(published April 2016)
Sun sparkled on the water on a perfect late fall day as I joined my friends getting a Hallberg-Rassy 43 ready in her slip and pulling the spinnaker on deck. We were soon clear of the marina and rolling out the in-mast furling mainsail and big orange and yellow spinnaker on its top-down furler. With the sails drawing, a good 10 to 15 knot northerly had us up and moving quickly and the boat gently leaned in and found her stride.
I’d never sailed this model of HR before and as she scooted along smoothly in the afternoon breeze near the Seattle waterfront, I couldn’t think of any place I’d rather be than in that moment.
After putting in a few jibes, we rolled the spinnaker up, unfurled its smaller, working counterpart and headed back upwind towards the marina. Tacking back and forth, we fiddled with fairlead and traveler positions and worked the boat into a groove so she was basically steering herself and only a slight touch was needed to keep her on course.
When we got close, we cracked off and reached past the breakwater at a leisurely pace, trying to eke out every last drop of a great day on the water. When the boat was tucked back into her slip, I poked around on deck, got a tour down below and relished in being on a boat that was far different from my own.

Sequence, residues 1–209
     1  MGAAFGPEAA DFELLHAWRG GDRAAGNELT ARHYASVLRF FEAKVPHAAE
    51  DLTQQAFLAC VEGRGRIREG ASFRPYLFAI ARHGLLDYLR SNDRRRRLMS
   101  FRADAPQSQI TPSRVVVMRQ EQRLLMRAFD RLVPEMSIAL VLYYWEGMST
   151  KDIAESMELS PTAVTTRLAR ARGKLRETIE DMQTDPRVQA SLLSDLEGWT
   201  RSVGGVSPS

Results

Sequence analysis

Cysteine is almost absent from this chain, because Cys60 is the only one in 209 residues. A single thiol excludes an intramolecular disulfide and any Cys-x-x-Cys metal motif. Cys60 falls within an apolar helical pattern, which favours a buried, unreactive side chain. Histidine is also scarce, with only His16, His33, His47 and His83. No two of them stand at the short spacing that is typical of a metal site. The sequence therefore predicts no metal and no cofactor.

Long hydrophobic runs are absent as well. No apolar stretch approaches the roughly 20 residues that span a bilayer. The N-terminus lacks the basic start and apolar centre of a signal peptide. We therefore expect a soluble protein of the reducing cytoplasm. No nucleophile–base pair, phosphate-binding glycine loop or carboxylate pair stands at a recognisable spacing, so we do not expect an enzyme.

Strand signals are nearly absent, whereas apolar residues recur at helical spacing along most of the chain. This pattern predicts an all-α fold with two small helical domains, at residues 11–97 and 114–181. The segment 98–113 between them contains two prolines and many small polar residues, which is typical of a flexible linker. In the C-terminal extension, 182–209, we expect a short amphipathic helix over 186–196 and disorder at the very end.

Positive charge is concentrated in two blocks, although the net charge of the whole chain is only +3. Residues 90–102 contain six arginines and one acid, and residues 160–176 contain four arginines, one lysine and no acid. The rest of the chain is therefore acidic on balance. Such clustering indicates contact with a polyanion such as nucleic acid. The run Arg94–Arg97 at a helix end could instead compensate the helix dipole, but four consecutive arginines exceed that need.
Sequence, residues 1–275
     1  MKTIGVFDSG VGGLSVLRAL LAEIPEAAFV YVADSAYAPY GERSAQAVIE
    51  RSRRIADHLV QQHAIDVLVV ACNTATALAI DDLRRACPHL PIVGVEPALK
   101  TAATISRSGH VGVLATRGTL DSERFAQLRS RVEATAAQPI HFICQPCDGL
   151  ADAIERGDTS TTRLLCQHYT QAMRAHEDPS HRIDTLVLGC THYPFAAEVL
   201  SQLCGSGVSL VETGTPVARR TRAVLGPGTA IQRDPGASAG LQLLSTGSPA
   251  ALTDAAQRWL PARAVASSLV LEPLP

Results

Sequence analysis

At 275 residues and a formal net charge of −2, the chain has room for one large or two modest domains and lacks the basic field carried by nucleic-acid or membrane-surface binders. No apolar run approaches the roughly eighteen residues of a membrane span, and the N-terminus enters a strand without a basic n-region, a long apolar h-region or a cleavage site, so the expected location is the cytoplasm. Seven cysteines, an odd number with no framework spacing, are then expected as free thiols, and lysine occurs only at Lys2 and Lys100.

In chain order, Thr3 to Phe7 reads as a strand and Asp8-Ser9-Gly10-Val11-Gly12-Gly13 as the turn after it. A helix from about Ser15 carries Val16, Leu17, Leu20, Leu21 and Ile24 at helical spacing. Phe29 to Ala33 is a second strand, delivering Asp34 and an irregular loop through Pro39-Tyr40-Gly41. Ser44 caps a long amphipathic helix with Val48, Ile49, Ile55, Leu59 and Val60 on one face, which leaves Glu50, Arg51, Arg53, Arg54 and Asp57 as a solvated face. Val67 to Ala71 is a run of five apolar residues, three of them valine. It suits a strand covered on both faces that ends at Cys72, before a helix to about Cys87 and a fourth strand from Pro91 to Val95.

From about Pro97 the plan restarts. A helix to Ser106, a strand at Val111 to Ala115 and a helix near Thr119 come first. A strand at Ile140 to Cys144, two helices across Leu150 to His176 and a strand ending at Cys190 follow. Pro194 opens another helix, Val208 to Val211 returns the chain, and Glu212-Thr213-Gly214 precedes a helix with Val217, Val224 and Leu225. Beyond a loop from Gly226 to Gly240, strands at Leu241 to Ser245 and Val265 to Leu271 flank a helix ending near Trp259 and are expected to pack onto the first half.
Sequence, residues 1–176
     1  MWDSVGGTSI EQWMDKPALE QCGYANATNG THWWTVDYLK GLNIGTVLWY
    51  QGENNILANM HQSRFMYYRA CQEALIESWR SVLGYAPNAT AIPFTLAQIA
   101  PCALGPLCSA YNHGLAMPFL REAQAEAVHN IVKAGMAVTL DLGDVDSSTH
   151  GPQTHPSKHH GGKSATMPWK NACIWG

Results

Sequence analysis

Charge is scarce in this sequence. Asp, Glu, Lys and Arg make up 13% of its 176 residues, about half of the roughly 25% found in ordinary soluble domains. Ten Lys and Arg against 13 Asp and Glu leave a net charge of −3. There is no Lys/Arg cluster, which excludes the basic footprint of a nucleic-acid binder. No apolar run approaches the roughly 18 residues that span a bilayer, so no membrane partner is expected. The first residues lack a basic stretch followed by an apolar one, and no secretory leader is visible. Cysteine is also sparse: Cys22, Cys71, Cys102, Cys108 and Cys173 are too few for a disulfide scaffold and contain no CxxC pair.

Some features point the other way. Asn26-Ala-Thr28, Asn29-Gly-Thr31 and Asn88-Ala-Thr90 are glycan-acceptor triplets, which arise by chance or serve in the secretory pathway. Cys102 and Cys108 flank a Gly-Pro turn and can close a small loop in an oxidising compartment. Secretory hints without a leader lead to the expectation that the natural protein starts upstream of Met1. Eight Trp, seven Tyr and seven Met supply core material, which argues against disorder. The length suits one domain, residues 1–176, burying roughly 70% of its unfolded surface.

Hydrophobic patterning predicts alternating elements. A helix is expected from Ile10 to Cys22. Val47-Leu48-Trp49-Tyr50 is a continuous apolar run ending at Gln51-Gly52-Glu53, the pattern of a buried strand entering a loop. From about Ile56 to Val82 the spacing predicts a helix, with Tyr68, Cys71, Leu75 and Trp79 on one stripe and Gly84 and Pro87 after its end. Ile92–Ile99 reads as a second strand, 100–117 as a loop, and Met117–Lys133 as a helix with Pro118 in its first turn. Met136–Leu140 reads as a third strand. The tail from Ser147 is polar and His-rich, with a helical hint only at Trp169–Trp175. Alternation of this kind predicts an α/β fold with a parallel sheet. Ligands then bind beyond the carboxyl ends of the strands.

Of course, we all love sailing our own boats, but it’s also fun to get out on boats that aren’t ours with people we don’t normally sail with. It provides a new perspective, because every boat has its own setup, systems and quirks that are fun to learn about. And when sailing on other boats I often discover hints and tips to take back home with me. Sailing with new people also has its upside, too, as every sailor brings different experiences and depths of knowledge to the ride. Even the most experienced sailors can learn a thing or two from their counterparts.
I’d never used a top-down furler of this sort before and was taught the best ways for deploying and then furling the sail back up. Also, since my boat is an aft cockpit and this HR was a center cockpit, it provided a good look at the differences in steering, sail handling and maneuvering in close quarters. And being with someone who was well versed in everything Hallberg-Rassy-related, I was able to gain a lot of insight into the boat and its builder.
Whether it’s a day sail, charter, offshore delivery or race, sailing on different boats can also get you out of your comfort zone, which will only build your skills and knowledge. So the next time you get an invitation to go out sailing on a vessel other than your own, say yes. You’ll probably learn a thing or two, and if not, hey, at least you were out sailing.
Andrew, along with wife Jill and sons Porter and Magnus, are currently cruising the Pacific Northwest aboard their Grand Soleil 39 Yahtzee. Follow their adventures at threesheetsnw.com/yahtzee.